All of this is communicated to the player subconsciously, in an instant, from the moment they spawn in the first level with a little gun held out in front of them. Doubtless this wasn’t intentional; John Carmack is nobody’s idea of an aggro meathead. Nor Cliffy B, nor Michael Abrash, or Tim Sweeny, or any other important figures in the formative days of the FPS genre.
It’s all simply implicit in your sudden appearance in a game world you can only meaningfully interact with via weapons. Half Life and Half Life 2 mixed this up significantly with their in-game story telling and puzzles, but you were still an ostensibly heterosexual white guy with a gun going around shooting whoever you feel should stop existing.
Of course the events of the game are contrived such that you’re always justified, as with Wolfenstein 3D where you’re mowing down jackbooted Nazis, or Doom where your victims are the relentless, insatiable demons of Hell itself. But even within these worlds, designed in just such a way that violence is almost always the right solution, there are…”structural anomalies”.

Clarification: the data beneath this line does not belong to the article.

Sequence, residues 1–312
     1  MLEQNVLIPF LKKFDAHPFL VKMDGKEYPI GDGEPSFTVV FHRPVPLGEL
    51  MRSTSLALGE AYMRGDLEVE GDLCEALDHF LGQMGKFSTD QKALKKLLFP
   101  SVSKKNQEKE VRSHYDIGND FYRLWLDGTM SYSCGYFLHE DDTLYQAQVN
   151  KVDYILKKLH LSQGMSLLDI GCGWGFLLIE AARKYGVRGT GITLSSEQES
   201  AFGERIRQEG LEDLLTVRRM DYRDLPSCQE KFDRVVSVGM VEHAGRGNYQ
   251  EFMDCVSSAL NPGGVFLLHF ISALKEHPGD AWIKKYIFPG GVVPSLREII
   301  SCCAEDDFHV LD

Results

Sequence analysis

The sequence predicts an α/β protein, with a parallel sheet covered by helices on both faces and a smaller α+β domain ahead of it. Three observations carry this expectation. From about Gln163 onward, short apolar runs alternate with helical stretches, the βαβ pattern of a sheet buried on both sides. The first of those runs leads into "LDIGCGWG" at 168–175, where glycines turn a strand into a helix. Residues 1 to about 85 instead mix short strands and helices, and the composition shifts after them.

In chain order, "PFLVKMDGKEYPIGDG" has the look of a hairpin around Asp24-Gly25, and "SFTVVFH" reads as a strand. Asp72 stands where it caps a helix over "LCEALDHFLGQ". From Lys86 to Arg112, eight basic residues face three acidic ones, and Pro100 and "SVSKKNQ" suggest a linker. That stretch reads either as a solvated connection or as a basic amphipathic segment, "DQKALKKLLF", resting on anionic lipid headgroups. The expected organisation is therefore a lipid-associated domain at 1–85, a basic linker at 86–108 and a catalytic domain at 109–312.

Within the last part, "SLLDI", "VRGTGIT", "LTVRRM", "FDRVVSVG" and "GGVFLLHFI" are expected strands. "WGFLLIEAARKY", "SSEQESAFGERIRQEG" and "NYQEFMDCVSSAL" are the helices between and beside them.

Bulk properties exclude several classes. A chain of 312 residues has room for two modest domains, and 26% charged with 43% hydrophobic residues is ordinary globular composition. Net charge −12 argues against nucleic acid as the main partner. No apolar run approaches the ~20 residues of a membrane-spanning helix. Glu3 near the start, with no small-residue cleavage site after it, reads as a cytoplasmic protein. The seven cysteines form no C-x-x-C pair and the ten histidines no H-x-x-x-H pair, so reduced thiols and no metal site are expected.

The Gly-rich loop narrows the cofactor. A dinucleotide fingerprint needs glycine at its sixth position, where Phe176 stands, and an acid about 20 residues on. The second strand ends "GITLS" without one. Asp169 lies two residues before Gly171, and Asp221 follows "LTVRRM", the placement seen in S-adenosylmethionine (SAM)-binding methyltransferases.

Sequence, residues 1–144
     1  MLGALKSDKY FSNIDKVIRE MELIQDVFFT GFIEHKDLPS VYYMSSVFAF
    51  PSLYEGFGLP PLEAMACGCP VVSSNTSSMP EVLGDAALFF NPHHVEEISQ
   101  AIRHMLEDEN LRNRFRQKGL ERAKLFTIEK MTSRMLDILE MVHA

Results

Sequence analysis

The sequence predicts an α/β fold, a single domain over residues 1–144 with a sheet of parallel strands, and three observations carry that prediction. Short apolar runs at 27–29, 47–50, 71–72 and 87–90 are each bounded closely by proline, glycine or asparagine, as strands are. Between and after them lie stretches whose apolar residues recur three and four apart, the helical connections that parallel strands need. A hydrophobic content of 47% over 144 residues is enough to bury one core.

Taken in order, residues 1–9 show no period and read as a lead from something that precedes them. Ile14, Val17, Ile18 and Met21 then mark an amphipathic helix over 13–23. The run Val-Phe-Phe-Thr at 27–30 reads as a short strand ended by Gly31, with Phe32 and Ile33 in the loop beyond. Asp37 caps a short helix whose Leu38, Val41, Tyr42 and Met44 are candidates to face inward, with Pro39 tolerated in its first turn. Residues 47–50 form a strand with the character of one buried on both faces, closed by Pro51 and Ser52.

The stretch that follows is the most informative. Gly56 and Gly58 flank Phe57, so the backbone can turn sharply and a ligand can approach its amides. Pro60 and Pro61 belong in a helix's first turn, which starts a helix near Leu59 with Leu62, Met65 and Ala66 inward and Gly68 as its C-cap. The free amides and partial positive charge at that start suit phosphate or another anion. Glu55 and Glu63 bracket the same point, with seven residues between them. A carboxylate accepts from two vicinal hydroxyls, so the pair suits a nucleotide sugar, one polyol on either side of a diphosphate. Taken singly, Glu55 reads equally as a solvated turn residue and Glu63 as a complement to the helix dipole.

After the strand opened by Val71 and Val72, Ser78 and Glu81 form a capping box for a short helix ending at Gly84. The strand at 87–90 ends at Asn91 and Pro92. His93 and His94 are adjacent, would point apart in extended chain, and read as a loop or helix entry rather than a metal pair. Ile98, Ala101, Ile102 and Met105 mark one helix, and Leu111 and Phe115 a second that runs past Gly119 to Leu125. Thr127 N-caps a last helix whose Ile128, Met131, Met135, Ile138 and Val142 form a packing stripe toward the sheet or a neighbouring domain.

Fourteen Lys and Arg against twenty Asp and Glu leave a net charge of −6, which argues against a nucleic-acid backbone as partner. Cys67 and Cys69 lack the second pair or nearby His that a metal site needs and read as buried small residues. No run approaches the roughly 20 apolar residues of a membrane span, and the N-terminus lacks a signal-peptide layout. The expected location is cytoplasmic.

Consider for example that there are no women in Doom 3, save for one who dies mere moments after you meet her (first Lost Soul encounter). Somehow in the process of colonizing Mars, the UAC managed to send exactly one woman, whose role in the game is to succumb to demonic forces and perish less than ten seconds from her first appearance onscreen.
There’s a female enemy. Doom 3’s Spider Queen, or as I affectionately refer to her, the titty spider. It is a fit, well proportioned nude woman’s upper body sprouting from a spider’s, like an insectoid centaur. Her face is repulsive, but it’s not her face that most of the polys went into.